Slack takes cues from social media and shows you messages that are most relevant

Key Points
  • Slack is venturing outside raw chronological order for ranking messages.
  • Highlights will appear in Slack channels and in the app's "All Unreads" window.
Stewart Butterfield, co-founder of Slack and Flickr
Mark Neuling | CNBC

Slack's corporate chat service is taking a page out of the Facebook and Twitter playbooks and adopting an algorithmic approach to showing messages.

The start-up, which is valued privately at $3.8 billion, released a feature on Wednesday that prominently displays the most relevant messages other people sent in the app while you weren't using it. With the new Highlights feature, Slack is moving beyond the conventional chronological ordering it has used since launching publicly in 2014.

Facebook and Twitter have both embraced algorithmic ranking to surface certain content in timelines for their users. Slack is revamping its product so that people don't have to spend time going through everything they may have missed.

Users of the paid service will see up to 10 messages deemed to be most relevant in the "All Unreads" section. Those messages will have a light yellow background inside the individual channels where they first appeared.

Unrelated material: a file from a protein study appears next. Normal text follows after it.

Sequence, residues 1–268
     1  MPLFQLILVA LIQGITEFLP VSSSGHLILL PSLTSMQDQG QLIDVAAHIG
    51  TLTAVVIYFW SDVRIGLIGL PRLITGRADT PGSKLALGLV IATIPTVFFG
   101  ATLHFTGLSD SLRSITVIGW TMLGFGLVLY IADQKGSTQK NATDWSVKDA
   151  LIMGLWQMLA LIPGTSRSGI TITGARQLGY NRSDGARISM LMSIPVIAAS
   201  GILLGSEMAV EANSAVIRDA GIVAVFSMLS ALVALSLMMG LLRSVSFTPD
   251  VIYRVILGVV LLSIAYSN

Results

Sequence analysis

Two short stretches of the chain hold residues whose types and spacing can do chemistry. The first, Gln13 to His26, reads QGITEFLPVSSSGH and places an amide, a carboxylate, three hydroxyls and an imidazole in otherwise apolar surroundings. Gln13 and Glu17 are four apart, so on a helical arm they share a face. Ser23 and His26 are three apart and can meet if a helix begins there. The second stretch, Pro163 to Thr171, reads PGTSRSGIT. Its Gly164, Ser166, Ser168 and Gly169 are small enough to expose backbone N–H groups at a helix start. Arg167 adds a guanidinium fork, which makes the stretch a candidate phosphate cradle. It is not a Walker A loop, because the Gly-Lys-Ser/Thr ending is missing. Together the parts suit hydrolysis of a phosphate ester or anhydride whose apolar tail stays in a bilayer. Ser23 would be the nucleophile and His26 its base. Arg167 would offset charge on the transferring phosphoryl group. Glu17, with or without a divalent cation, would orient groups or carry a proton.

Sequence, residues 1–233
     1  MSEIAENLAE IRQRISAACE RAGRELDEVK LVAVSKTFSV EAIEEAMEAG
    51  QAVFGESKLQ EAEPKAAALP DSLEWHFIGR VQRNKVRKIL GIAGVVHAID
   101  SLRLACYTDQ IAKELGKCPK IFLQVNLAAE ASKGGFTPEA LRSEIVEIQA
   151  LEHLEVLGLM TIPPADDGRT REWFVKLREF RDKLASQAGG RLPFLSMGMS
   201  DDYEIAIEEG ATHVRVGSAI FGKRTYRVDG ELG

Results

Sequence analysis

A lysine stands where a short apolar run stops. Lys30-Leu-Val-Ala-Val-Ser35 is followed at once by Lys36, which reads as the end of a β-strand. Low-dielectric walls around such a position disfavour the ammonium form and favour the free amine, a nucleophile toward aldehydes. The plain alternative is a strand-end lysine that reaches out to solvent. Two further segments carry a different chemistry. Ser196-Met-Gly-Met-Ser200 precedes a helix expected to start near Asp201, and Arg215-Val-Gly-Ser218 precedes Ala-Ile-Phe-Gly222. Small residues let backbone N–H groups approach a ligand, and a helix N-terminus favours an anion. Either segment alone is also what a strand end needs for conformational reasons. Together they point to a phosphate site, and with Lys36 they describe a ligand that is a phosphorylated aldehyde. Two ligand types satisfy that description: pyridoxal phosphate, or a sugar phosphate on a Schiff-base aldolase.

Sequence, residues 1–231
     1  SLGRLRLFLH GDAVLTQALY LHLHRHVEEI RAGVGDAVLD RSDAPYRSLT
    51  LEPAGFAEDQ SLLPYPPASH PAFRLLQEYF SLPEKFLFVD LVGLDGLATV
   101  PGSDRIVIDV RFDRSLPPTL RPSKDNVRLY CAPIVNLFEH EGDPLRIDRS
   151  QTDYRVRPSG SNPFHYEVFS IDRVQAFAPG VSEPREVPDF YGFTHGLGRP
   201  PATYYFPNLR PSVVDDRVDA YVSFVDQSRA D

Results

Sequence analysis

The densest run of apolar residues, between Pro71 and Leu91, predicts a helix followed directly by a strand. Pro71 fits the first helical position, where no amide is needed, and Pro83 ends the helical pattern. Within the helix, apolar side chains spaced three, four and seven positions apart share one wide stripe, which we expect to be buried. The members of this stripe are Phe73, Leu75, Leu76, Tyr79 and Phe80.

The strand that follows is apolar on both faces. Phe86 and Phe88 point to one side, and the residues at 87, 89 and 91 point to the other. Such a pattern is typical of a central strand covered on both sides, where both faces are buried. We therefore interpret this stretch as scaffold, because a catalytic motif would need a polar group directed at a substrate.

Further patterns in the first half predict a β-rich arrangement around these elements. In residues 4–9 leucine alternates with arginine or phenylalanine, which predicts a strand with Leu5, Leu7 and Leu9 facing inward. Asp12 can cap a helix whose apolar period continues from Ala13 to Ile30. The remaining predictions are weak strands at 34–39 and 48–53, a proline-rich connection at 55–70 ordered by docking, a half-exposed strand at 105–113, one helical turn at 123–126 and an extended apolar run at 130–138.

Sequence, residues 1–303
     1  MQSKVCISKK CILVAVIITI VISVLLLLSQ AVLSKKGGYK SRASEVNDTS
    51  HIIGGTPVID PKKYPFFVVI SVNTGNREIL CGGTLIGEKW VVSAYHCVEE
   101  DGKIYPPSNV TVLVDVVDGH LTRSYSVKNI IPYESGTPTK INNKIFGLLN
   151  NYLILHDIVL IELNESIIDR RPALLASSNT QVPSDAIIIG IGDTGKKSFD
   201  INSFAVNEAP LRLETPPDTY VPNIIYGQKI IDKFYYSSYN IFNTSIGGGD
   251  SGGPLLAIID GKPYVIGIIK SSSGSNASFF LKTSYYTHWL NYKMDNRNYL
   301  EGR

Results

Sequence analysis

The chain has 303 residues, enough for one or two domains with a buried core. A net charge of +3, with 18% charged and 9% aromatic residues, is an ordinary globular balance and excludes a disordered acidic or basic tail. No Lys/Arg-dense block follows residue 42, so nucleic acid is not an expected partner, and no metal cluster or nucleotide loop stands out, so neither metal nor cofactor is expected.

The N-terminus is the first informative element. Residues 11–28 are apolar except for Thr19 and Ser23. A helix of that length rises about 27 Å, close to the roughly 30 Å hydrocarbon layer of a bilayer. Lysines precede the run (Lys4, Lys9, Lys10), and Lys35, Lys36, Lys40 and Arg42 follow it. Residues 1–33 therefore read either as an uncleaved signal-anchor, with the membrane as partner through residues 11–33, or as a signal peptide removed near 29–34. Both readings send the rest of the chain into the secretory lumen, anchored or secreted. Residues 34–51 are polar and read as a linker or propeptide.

The feature becomes particularly useful for people who subscribe to numerous channels and have alerts flying at them from many different directions. For example, Highlights helped Noah Weiss, the head of Slack's growing search, learning and intelligence group, catch up on the most important activities across 100 channels after he returned from meetings with customers earlier this week.

"Welcome to how we use Slack at Slack," Weiss said in an interview with CNBC.

The system is personalized, taking into consideration factors like which users you engage with most often and which channels you most carefully follow. Recommendations will get better over time as Slack tracks your usage.

Highlights in Slack's All Unreads section.

Like other recommendation systems, Highlights uses machine learning to predict the messages that will be of most interest. But the system might not always be perfect. Slack is also letting users give feedback on Highlights recommendations with a simple thumbs up or thumbs down.

In recent months Microsoft has come out with a Slack competitor called Teams, and Google has introduced its spin on Slack called Hangouts Chat. Microsoft and Google both have other services for messaging while Slack fields just one product.

Slack, which is used by big companies including Capital One and IBM, has gained traction in recent years partly because it tends to result in less internal email communication. Weiss points out that Slack is more than an alternative to email because Highlights can alert you to interesting things in channels that you might not be following.

"With email, you can't say, 'Hey, Jordan, there's a really interesting email thread you're not a part of, but if you ask Amy, maybe she can BCC you,'" Weiss said.

Weiss's group previously introduced several updates to Slack's search feature, including identifying the people who frequently talk about a given theme in different channels. In the future, Slack could start using its data to spot trending topics across companies and even draw attention to channels where a conversation is suddenly spiking, Weiss said.

Slack has more than 1.5 million paid users and more than 5 million daily active users.